A woman is raffling her £750,000 house for charity after finding out she had a treatable blood disorder on TV.
Doreen McLaren's converted barn house is worth about £750,000
Doreen McLaren, 47, from Petworth, West Sussex, spent eight years being told by doctors that they had no answer for her migraines and dizzy spells.
But her life changed last autumn when she saw a patient diagnosed with Hughes Syndrome on BBC One's City Hospital.
She said she had been left "disgusted" and would give 2% of the sale profits to the Hughes Syndrome Foundation.
The charity tries to raise awareness of the condition, which is also known as "sticky blood", within the medical profession.
Mrs McLaren, who is now receiving treatment for the disorder, said: "The injustice of people not knowing about Hughes really angered me.
"I want someone else to feel exactly the way I did when they discovered that there is an answer to all these symptoms."
Although still relatively unknown to many GPs, the condition - easily diagnosed by simple blood tests - is thought to affect millions of people throughout the world.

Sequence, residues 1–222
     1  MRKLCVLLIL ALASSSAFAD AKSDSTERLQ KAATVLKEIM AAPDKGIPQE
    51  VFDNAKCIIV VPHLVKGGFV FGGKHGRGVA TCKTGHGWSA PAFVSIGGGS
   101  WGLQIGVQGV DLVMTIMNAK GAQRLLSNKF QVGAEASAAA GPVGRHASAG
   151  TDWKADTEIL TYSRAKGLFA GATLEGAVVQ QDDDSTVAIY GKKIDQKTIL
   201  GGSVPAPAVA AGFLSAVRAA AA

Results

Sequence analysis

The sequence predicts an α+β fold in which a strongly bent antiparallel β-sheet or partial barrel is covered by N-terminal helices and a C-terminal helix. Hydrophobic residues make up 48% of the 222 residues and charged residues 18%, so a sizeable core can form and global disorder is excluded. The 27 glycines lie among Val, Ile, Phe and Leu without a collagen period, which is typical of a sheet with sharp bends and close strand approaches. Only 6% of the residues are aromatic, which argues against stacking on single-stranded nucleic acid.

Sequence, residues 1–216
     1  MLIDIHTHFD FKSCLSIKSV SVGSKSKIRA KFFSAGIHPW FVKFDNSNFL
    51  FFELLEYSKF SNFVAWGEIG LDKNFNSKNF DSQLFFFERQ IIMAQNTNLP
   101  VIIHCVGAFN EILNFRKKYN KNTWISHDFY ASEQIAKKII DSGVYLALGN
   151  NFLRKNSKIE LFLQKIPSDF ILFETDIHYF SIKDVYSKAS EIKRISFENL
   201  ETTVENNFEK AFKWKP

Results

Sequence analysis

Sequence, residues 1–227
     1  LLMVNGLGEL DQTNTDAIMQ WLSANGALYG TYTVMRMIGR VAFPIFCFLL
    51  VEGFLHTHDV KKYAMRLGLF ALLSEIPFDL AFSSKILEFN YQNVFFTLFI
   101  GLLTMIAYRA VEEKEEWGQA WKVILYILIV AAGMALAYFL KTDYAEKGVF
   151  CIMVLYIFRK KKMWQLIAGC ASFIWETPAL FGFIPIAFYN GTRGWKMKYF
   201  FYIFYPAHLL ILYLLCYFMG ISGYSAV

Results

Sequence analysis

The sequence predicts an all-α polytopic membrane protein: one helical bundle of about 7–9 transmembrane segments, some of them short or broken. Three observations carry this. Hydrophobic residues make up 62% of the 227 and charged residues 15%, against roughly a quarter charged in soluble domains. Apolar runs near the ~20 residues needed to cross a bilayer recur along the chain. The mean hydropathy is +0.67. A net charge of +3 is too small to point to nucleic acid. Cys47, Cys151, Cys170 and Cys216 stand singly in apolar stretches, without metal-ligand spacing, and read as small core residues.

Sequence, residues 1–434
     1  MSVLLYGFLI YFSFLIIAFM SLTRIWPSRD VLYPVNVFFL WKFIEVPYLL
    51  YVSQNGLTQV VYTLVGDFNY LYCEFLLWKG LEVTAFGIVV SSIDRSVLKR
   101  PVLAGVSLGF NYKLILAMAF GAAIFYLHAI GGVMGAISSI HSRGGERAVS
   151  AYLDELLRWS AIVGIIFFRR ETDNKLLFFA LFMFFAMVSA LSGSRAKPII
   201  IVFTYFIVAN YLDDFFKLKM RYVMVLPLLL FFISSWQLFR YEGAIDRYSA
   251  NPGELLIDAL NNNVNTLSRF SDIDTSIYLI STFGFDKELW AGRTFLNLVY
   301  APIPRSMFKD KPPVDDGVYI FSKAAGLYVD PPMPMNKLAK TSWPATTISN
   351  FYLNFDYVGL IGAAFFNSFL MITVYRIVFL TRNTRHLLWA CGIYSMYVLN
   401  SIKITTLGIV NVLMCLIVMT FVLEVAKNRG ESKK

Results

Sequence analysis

The couple are looking to sell 8,500 raffle tickets
Mrs McLaren, who was forced to give up her job selling computer systems
to businesses around the world because of the condition, said: "They (doctors) definitely decided that it was all in my mind.
"It got to the point that I was so humiliated that I would not go and see them anymore."
But when she saw the TV programme, which follows the day-to-day life of London's Guy's and St Thomas' hospitals, she said she thought "eureka, my god, they are describing me".
Mrs McLaren and her husband, Mark Watson, are looking to sell 8,500 tickets at £100 each with £2 from each ticket going to the charity.